USGBC’s Leadership in Energy and Environmental Design (LEED) is a product of the decade that has established itself as a pillar in sustainable design. Starting from one set of “New Construction” standards published in 1999, LEED has developed into a comprehensive network of six interrelated rating systems covering all aspects in construction and design. The latest version, LEED v3, was launched April 27, 2009 and represents a reorganization of the rating systems combined with a series of major technical advancements focused on the most urgent priorities like improving energy efficiency and reducing carbon emissions. The widespread emergence of LEED has many states requiring certification for both new and renovated buildings. As of January 2010, San Diego has 868 LEED Accredited Professionals (LEED AP), 20 LEED Certified Buildings and 197 Registered Buildings.
The USGBC’s green building initiative continues to grow with pilot programs, such as Healthcare, Retail and Neighborhood Development. The latter will be an especially useful tool in land use planning as it integrates principles of smart growth, urbanism and green building to create the first national neighborhood design program. Stay tuned… LEED Neighborhood Development is expected to open for registration in 2010. More information can be found here.
In other green building news, Governor Arnold Schwarzenegger announced on January 12, 2010 that the California Building Standards Commission unanimously adopted the first-in-the- nation mandatory Green Building Standards Code (CALGREEN). The code requires all new buildings in the state to be more energy efficient and environmentally responsible, and includes a set of comprehensive regulations to take effect on January 1, 2011. “The code will help us meet our goals of curbing global warming and achieving 33 percent renewable energy by 2020 and promotes the development of more sustainable communities by reducing greenhouse gas emissions and improving energy efficiency in every new home, office building or public structure,” said Governor Schwarzenegger.
Released in 2005, Google Maps dramatically simplified the general public’s ability to access map, free of charge. Google Maps provides high-resolution satellite images for most urban areas in the United States, Canada, the United Kingdom, and parts of many other countries. And as of October 2009, Google Maps has added parcel information, attracting much attention from the real-estate industry. Bing Maps (formerly known as Windows Live Local) is another web mapping service in which users can browse through topographically-shaded street maps, including main points of interest such as businesses, restaurants, metro stations, hospitals, stadiums and other facilities. Bing Maps also offers a bird’s eye view for many locations in over 100 cities in the US, Canada, Japan and over 80 European locations. This view provides four different angles from directly above buildings, thereby providing much more detail than aerial views.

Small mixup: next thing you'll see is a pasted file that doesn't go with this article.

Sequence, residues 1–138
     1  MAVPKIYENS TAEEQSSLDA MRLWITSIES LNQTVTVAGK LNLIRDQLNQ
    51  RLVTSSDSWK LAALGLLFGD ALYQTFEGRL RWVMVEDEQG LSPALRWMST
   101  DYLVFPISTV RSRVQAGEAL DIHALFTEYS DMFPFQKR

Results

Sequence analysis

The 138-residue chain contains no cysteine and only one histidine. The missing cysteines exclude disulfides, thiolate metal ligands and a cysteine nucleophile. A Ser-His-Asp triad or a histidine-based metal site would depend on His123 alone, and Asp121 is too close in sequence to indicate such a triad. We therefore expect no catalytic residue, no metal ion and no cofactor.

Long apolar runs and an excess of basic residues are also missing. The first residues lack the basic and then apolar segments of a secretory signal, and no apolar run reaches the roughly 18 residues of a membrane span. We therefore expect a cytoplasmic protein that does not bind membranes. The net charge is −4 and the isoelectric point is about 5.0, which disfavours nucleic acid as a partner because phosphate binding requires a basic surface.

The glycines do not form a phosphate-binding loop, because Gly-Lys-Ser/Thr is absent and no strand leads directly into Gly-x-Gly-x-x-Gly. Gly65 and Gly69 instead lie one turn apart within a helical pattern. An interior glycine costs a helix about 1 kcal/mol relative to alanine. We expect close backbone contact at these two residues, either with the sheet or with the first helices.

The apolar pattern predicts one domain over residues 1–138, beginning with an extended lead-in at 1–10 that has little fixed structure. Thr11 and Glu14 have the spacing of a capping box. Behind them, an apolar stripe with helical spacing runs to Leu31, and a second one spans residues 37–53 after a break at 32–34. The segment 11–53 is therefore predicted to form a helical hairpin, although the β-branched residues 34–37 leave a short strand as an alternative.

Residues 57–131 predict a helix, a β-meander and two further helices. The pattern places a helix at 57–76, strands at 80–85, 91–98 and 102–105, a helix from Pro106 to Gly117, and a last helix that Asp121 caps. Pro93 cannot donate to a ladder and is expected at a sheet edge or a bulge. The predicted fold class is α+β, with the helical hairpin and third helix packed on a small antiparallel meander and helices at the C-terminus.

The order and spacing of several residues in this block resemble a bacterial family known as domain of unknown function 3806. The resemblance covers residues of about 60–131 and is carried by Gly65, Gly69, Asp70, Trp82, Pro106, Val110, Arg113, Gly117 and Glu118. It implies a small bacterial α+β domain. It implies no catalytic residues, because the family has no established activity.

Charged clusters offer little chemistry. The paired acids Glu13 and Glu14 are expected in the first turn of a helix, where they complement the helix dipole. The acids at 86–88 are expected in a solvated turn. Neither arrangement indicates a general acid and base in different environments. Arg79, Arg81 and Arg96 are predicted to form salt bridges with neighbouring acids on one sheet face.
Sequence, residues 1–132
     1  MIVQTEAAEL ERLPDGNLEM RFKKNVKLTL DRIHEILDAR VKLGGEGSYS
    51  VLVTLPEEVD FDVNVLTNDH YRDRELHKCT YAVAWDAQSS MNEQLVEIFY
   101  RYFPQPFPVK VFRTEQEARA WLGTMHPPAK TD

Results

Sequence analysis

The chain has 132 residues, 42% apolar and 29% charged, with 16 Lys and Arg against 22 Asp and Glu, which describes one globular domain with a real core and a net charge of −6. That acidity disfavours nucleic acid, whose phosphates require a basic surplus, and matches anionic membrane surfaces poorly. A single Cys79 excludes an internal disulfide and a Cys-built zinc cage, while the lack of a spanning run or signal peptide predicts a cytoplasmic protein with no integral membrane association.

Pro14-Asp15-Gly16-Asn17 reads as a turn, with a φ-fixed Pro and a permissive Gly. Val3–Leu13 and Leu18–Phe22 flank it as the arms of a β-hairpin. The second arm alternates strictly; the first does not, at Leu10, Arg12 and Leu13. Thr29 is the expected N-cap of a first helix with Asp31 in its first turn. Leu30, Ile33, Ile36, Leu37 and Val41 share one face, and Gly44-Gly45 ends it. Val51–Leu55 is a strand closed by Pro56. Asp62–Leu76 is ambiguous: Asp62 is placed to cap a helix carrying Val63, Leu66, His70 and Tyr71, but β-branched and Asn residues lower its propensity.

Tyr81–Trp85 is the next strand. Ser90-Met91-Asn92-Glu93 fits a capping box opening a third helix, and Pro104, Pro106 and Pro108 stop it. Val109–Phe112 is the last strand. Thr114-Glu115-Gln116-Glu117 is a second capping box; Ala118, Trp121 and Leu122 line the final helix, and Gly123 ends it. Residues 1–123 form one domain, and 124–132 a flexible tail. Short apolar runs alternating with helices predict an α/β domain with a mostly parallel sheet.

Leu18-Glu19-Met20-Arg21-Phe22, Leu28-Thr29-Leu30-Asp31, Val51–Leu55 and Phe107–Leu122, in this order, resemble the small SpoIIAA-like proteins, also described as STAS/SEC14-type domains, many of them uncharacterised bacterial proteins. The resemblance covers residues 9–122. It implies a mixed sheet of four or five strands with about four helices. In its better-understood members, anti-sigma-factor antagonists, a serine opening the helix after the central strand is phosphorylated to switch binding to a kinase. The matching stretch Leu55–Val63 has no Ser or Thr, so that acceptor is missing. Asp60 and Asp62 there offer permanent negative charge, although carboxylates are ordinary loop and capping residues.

In addition to allowing users to learn more about the land use patterns of the world around them, the technology continues to provide a number of benefits for cities and concerned citizens alike. “Police departments have used Google to map crime trends and target resources; homebuyers can use versions of the software to find pricing data; and in the aftermath of Hurricane Katrina, Gulf Coast residents used Google Earth to find out which neighborhoods were devastated, and which were accessible. One lucky Italian even used the software to discover an ancient Roman villa in his backyard. “ [Planetizen]
Last, but not least, are the ghastly attacks of 9/11 that occurred at the early onset of the decade. The aftermath of these attacks initially created what had been termed as “national security sprawl” which engulfed many largely populated cities in an effort to disperse government offices and private firms away from dense city centers. The death of the iconic World Trade Center building caused many to believe that the age of the skyscrapers and megatowers might come to an end. And an overall push for scattered development, gated communities and decentralizing cities was thought to be the answer for an increased sense of security. However, as seen by the growing success of widely accepted sustainable development principles, the planning profession has overcome many of these forecasted, sprawl-related development trends. But despite these efforts, one of the most impacting and lasting consequences continues to be the massive transfer of wealth and resources away from our local needs.
Combined with the economic downturn, this tragedy has impactedtheplanningprofessioninmanyways. Cityplanners have been called on to streamline development procedures and reassess community values in an effort to meet public needs without straining the budget. In rare instances, some cities were even forced to dissolve their planning departments entirely. Nevertheless, the planning profession continues to promote and implement planning policies that respond to major global issues and promote sustainable growth to the greatest extent possible.
These trials, tribulations and truimphs, combined with other significant events, have influenced the planning profession in a number of ways. Here’s to hoping the year 2010 will guide us into a positive and productive decade of the “twenty tens.” One in which we can continue to plan great cities and formulate good policy by learning from the past, while addressing the needs of the future. Please feel free to send your thoughts, comments or related articles to the Editor on this topic for publication in future issues.